I then invited Hope in my conversation with Hopelessness. My conversation was interrupted by Hopelessness’s loud voice. It said, “Hope is not important in your life. If you allow me to stay, I will give you comfort.”  

While I was conversing with Hopelessness, Hope stood there, listening to our conversation with a smile. The sad face of Hopelessness was not helping me. I fondly said to Hopelessness, “I have heard your side and I am not denying you. But Hope is my friend. Don’t you think I should have a conversation with it too?” 

With its sad face, Hopelessness said, “ok.” I then started talking to Hope about what I was feeling. The conversation came to me in poetry:

Hope, a 4 letter word.

Sometimes it feels like it’s a phase of life.

Our lives and dreams have been shattered

So how can I hope, I ask?

The truth is clear and bitter

So tell me how can I hope?

I am not ready for this.

Hope, a 4 letter word and a feeling of better tomorrow.

Where does this hope come from?

Why is the old world still spinning?

Why is my mind still curious?

How can I breathe! Isn’t hope supposed to be oxygen?

What are you HOPE?

You are not even essential but why are you always there?

You seem to be part of everything I hold.

My dreams and my relationships.

Why have you been part of my life?

Why can’t I just stay with tough emotions?

Why do you have to visit me often?

Stop being my resistance.

I see a dark world ahead.

I want to be lost ahead.

But without you, will I be able to wake up tomorrow?

Maybe yes! Will I be the same person without you?

Are you my identity or fake feeling?

I am not who you are.

I am HOPE. A moment of existence.

A tiny part of life tied with your memories,

 relationship, love, dreams, and everything in your life.

Am I a reminder? I don’t know but I am a very small 

and invisible friends tied in your heart, mind, and soul.

Will you be able to get rid of me?

You would but I don’t know how to give up.

Persistence is my friend. We would often visit you. 

We will knock on your door till you accept us.

Whatever is making you rid of me, that person is our friend too.

So knock knock

Who is it?

Hope, a 4 letter word.

Hope, a 4 letter word, who?

The one that has brought you 

a letter so you can smile 

and wonder.

As I wrapped up this conversation with Hope, the other friends of Hope – Dream and My Work – became visible. The army of Hope was bigger than that of Hopelessness after this conversation. Hopelessness had to go. Before leaving, Hopelessness said, “I am leaving now. I may return someday with new offers to befriend me.”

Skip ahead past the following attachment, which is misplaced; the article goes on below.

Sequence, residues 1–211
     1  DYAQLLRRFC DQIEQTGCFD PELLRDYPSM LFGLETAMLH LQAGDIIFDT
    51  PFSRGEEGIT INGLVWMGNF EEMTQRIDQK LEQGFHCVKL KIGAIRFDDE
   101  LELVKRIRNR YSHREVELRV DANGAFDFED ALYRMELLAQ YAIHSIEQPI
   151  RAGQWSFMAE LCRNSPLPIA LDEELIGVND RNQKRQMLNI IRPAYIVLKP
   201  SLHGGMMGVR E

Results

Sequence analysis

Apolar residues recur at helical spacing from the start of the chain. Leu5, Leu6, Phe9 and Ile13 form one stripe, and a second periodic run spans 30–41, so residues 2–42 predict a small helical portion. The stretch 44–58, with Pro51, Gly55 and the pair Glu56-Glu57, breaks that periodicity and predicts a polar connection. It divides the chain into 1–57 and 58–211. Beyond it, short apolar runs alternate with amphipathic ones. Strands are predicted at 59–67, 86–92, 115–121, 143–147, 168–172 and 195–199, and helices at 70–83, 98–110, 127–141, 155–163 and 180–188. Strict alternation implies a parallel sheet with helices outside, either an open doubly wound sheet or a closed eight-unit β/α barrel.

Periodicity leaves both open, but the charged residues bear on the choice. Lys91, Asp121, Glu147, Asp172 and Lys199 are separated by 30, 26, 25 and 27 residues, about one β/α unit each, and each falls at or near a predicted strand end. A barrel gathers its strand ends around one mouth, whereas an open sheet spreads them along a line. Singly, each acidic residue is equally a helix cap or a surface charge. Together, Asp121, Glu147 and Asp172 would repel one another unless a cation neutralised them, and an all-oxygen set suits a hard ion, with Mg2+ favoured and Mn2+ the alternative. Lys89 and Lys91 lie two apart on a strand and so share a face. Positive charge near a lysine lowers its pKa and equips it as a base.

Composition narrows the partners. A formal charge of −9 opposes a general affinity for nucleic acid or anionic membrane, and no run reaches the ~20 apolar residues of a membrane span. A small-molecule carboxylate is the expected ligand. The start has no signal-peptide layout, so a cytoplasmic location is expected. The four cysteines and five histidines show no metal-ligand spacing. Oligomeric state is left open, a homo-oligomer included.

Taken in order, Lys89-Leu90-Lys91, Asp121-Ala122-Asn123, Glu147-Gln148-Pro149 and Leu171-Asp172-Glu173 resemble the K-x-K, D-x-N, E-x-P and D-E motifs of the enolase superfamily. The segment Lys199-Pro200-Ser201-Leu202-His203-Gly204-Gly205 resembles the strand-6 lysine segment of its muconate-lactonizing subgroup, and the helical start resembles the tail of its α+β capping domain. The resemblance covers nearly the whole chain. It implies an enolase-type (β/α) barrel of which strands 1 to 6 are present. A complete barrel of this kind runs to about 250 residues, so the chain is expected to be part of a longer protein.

With my friends, Hope, Dream, and My Work, I replied to Hopelessness with a smile, “I consider you a friend and you can visit me whenever you want. When you come back we will again have a conversation like friends and next time I will offer you tea.”  

In this conversation, I recognized, Hope has been an important value in my life. During my college years, I did not score passing marks for all the subjects. At that time, Hope came to me through my friends who supported and encouraged me to not give up. Hope has motivated me in my life to tolerate rejections at jobs. It’s a value and reminder of my strength when I feel stuck in life.

This lockdown may make us feel stuck and it is important to remind ourselves of the values and strength that we hold. Let’s remember that many feelings and emotions will visit us. And that’s ok. Through conversations such as these, we can navigate through them. I hope that these narrative ideas bring joy, peace, and healthy ways of living for all of us.

About the author: 

Akash Gaikwad has completed his Bachelor’s degree in Psychology and Sociology from Mumbai University.  He is also co-founder of THE SHOR poetry group. He works at Apni Shala as a fellow. When Akash is not working, you will find him drinking chai (tea) and listening to music or walking.


Leave a Reply

Fill in your details below or click an icon to log in:

WordPress.com Logo

You are commenting using your WordPress.com account. Log Out /  Change )

Twitter picture

You are commenting using your Twitter account. Log Out /  Change )

Facebook photo

You are commenting using your Facebook account. Log Out /  Change )

Connecting to %s